And then another thing: Look at the gambling in golf. It’s gonna happen anyway in tennis; if you sign a TV rights deal—some of these gambling firms that make so much money off of tennis want to sponsor tournaments, and they want to have events. The gambling is going to happen regardless, and the only difference would be for players to benefit from it. Have more tournaments, have more prize money, and earn from it. I’m sure after this crisis, it’s gonna be even tougher to have those small 250 events, and it’s just these little things that can make the difference.
GN: To go back to on-court stuff, you’ve been talking about returning really well lately. That’s always a huge skill for a seven-footer. Where’s that coming from? Anything in particular you’ve been training or watching or working on?
RO: Everything. I’ve been watching a lot, I’ve been training, I’ve been working on it a lot. We’ve been doing so many different drills specifically for it. The numbers don’t really lie. Even when I was losing the first couple matches at the beginning of the year, with [Fabio] Fognini and [Pablo] Cuevas, I was still returning better. And then I really started piecing things together in the New York Open and especially in Delray. And then even at Davis Cup and the UTR event I returned great. I didn’t play many breakers. I was in a lot of return games. So if I can be breaking serve at around 15% and still holding serve above 90% of the time, those are the two numbers where I can compete for a huge title.
GN: So is there a particular drill that you’ve been working on that has been most helpful or is it just kind of a combination of skills?
RO: It’s a combination of skills. Before I used to split step a lot earlier, and I would come down from the split step and be kind of on my heels. I’d be landing too soon, so I’d lose a lot of momentum from the split step. Where if you look now, I’m split stepping way later, way closer to when they’re making contact with the ball. I watched Djokovic a lot—how he times his split step, how he opens his foot. When guys serve to his forehand or backhand, if you watch a slo-mo video, as soon as he lands in the split step, his foot turns out. The first move is unbelievable, how quick and how clean that movement is with his foot. When returning, he has such good posture, he’s on balance, and that first step is critical. And he does it better than anyone.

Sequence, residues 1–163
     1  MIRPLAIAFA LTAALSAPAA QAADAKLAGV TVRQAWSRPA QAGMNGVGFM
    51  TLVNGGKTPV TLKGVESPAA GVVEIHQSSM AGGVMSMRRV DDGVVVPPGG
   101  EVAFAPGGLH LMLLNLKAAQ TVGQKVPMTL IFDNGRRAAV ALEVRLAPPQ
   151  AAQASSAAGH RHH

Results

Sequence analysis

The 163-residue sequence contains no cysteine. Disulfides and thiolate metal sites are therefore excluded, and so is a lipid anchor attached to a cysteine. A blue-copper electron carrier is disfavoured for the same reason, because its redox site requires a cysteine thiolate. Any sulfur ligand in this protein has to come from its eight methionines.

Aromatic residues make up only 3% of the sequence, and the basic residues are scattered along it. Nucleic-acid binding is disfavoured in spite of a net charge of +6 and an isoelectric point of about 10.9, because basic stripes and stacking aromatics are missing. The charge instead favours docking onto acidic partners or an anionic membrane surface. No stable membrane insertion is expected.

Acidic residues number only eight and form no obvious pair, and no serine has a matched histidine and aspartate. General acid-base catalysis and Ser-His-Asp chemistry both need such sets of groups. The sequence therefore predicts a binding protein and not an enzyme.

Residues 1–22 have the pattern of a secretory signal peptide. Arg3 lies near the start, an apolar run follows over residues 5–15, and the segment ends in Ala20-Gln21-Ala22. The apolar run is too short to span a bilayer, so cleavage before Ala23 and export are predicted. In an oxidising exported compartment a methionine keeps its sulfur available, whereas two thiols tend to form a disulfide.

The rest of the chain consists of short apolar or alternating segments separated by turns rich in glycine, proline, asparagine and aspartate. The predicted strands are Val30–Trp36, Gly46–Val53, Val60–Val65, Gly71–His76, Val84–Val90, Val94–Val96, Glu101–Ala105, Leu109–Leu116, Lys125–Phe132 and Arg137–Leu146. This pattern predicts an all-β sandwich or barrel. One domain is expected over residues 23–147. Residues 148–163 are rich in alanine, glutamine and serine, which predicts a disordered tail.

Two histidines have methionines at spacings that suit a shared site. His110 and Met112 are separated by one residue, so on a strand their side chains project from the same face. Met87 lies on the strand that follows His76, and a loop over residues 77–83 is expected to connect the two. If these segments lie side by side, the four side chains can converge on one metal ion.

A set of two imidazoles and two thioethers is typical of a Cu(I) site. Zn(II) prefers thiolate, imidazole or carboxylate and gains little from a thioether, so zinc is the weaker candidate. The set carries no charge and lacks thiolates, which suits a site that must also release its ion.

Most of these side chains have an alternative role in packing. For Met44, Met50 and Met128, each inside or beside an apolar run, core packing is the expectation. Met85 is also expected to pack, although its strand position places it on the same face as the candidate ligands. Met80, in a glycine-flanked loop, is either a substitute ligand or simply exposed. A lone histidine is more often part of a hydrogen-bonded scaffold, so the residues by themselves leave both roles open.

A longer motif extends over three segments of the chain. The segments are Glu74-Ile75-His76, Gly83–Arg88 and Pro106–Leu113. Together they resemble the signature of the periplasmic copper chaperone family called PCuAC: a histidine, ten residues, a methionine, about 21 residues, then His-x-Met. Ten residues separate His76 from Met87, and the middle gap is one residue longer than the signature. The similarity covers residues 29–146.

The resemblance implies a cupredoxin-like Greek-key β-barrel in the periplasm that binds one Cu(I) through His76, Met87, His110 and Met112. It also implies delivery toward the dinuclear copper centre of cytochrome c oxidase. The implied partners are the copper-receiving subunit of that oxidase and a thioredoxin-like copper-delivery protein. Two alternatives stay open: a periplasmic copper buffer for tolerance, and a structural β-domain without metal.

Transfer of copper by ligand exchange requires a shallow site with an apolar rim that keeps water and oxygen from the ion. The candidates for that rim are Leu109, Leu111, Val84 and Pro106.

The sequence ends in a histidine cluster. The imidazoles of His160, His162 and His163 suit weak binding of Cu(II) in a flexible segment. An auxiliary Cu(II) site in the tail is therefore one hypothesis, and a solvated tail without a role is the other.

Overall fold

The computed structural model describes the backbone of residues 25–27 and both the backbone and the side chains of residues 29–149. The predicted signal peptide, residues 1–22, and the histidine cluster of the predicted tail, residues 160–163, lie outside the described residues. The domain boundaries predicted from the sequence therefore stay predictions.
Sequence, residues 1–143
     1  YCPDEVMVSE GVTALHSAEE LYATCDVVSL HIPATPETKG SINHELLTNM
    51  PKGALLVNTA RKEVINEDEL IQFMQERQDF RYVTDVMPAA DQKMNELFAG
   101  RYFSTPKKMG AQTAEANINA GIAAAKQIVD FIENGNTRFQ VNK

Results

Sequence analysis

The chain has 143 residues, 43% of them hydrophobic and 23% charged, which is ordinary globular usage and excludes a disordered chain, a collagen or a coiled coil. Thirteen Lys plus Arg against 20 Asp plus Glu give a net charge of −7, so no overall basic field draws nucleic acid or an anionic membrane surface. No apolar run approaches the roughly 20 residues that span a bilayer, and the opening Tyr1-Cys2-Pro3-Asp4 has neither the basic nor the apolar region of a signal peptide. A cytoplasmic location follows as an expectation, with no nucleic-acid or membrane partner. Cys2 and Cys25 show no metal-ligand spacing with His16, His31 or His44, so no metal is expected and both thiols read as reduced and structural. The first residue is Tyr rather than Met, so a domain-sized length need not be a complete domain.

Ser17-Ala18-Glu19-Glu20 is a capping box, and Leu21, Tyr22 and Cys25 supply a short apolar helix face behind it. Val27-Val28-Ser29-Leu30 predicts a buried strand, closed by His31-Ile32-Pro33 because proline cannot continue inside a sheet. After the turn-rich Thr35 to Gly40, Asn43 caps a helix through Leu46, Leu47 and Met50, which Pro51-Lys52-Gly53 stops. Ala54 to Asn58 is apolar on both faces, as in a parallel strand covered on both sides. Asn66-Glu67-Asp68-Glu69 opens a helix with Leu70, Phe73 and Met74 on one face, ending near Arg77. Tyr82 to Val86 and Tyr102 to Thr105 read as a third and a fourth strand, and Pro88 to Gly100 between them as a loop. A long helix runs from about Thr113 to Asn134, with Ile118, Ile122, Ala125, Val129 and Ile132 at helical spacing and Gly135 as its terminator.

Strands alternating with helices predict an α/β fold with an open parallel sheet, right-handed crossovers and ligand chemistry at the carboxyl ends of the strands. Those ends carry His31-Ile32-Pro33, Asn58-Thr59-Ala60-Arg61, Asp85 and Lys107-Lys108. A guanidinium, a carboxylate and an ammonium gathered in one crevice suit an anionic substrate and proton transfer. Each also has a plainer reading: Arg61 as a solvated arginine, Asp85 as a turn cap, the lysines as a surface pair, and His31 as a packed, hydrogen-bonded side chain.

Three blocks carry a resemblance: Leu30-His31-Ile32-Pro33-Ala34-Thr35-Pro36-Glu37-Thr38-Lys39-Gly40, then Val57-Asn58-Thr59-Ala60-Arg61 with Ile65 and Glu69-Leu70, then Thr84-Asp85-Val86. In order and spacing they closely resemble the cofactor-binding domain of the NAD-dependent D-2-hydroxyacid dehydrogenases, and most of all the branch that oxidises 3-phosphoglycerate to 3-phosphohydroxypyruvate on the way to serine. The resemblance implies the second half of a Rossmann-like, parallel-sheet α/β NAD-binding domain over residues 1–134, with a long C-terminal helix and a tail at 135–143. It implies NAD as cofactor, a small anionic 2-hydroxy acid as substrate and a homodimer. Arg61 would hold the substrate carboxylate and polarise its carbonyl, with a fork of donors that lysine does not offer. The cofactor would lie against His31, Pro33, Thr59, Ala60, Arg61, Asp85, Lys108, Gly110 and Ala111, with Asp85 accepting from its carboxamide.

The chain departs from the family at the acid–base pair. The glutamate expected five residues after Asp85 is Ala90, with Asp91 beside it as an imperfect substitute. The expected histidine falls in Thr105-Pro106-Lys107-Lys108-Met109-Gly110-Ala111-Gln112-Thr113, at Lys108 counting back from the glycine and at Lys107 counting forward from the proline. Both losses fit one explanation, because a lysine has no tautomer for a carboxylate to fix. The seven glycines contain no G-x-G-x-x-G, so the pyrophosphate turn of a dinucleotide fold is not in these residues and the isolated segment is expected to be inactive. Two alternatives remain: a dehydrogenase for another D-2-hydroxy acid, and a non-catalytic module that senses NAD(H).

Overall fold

GN: What are some of the biggest challenges of returning when you’re as tall as you are?
RO: For me at first it’s a few things. I can just make guys really uncomfortable in general. One way I can make a guy uncomfortable is by not hitting many balls. There’s definitely something to guys not having any rhythm and feeling so miserable out there, that nothing’s in their control. So I can extend rallies if I want, but I don’t think it does me any good. I could make it more fun and whatnot, but when it comes down to winning and losing I don’t think that’s the way I’m going to be playing. I think the challenge on the return for me originally was I didn’t have good technique, my grips weren’t right, my swings were too big, the timing of the split step was off. So I’m returning with different grips on my forehand and backhand now, different positions of the court all the time. Now I move a lot further back on the second serve to give myself more room. I’m doing so many different things that are really noticeable; if you watch some of the matches, you can really see it’s a night-and-day difference.
GN: You guys are not used to having this much free time, or even time in one place, when you’re touring. So what are some of the upsides of that?
RO: You know, it’s really nice to be at home and situated in one place. It never happens. I’ve been able to hang out with my friends a lot, you know, I’ve been living with Tommy Paul. My house definitely looks the best it’s ever looked. I enjoy collecting art, and I’ve been able to somewhat get into that more—obviously, with things being closed, it’s hard—but when things open back up, I have a lot of things lined up. I’m going to Antwerp in September, assuming the tour’s gonna be shut down. I’m planning on going to an art gallery to see a few artists that I really wanted to see. And I’m also planning on going to L.A., there’s another artist there that’s showing. Things that I usually can only do in the month of December, now I get to do throughout the year. And usually in December, it’s vacation and you don’t want to do anything. So these are completely different. I’m planning these like they’re not vacation, but it’s not business, it’s like a mixture of both. I’m doing things I’ve never really done before and it’s nice to have some time at home to let the body regroup. Like I said, as long as I’m strong and healthy, and I’m still eager to compete, then it was a successful little break. If I’m 0 for 3 on those, then that’s 100% on me, it’s my fault, and that means I didn’t do it the right way.
(Above: Reilly Opelka practices at the Sheats Goldstein Residence in Los Angeles in March — Friedrich Kunath)